I am encouraged to learn that awareness and action have already begun to take place in health care facilities across the nation, including those that focus on mental health.
For example, the Washburn Child Guidance Center, a leading Minneapolis mental health center, announced plans to use a $1 million gift to expand its work with African-American children and families as well as its African American staff trained in psychology.
The Centers for Disease Control recently announced plans to fund three community health projects in New York, Los Angeles and Atlanta that could yield information about maternal stress and infant mortality among African Americans.
Our "Back to Sleep" campaign, which is part of expanded public education efforts designed to help prevent SIDS, has also found encouraging results.
These efforts are paying off. A new report released yesterday by the National Center for Health Statistics found that our nation is healthier than it has been in years. Life expectancy reached a record high, with the gap narrowing between the life expectancy rates of African Americans and whites. SIDS is down 15 percent. Birth rates among teenagers dropped by 12 percent since 1991, with the largest decline among African American teens. Low-birthweight births among African American women fell to its lowest rate since 1987.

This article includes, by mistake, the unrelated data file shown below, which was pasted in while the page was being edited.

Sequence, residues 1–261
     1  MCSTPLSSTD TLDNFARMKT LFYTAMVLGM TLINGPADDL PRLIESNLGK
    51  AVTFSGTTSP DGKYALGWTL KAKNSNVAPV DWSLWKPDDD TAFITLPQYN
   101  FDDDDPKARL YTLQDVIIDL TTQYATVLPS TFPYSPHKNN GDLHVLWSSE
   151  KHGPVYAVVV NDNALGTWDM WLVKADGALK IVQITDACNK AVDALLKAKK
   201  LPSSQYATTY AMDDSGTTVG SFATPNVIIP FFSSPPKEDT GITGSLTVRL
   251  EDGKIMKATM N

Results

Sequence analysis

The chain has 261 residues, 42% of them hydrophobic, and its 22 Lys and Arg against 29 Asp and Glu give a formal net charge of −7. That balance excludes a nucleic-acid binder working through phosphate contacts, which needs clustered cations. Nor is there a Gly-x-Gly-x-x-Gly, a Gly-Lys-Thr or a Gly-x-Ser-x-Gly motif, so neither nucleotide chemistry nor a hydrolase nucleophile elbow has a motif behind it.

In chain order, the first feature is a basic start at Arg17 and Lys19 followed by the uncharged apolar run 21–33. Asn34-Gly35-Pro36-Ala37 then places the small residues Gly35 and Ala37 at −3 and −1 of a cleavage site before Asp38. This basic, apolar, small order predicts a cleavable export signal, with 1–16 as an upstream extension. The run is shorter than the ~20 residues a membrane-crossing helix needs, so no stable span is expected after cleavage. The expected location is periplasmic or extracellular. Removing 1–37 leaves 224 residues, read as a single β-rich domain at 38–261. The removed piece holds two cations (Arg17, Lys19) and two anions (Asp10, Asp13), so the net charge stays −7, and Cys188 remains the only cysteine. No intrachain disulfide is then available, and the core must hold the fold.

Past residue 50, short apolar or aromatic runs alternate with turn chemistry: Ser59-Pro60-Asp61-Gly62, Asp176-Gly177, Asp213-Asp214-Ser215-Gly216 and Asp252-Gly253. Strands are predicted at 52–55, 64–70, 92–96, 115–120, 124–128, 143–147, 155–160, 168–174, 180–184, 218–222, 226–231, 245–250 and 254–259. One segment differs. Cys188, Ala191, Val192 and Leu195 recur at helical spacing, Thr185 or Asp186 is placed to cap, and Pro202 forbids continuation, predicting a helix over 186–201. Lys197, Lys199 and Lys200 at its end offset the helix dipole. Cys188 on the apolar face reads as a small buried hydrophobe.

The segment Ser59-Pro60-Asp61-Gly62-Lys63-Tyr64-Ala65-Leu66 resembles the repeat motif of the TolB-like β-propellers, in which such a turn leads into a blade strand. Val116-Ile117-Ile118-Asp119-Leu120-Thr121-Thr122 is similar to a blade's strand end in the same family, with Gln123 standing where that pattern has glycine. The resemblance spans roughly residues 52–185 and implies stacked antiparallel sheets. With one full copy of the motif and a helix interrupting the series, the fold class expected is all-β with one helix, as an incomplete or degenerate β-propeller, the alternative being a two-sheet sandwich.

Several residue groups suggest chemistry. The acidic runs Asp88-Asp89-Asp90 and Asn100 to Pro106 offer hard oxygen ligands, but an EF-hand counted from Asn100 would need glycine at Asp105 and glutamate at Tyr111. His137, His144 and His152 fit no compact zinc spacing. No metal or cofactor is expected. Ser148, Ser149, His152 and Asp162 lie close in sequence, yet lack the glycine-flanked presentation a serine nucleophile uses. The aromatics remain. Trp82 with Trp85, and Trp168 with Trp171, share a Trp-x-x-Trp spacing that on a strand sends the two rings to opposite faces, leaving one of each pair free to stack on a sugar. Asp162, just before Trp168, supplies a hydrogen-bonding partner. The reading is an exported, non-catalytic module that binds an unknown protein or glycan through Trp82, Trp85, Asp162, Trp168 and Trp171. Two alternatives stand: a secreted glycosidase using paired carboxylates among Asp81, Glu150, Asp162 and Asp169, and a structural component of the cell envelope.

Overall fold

And, the best news of all is a new study sponsored by the National Institute of Child Health and Human Development on health risks among young people which found that positive relationships with parents and teachers, regardless of whether a child comes from a one-or two-parent household, are the strongest factors in children avoiding activities which lead to health risks.
I commend each of you here today for taking the important first step of addressing and analyzing the issues in such a productive forum as this.
And, I would like to personally thank Congressman Stokes and the members and supporters of the Congressional Black Caucus for your leadership and support. The President, First Lady, Al and I are working hard to do what is right for America and it has always been comforting to know that the CBC is a friend.
1. "The Health of African Americans" by June Jackson Christmas, M.D., Executive Director of the Urban Issues Group, The National Urban League, State of Black America, 1996.
2. Centers for Disease Control and Prevention, NCHS, as reported in Health United States, 1996-97.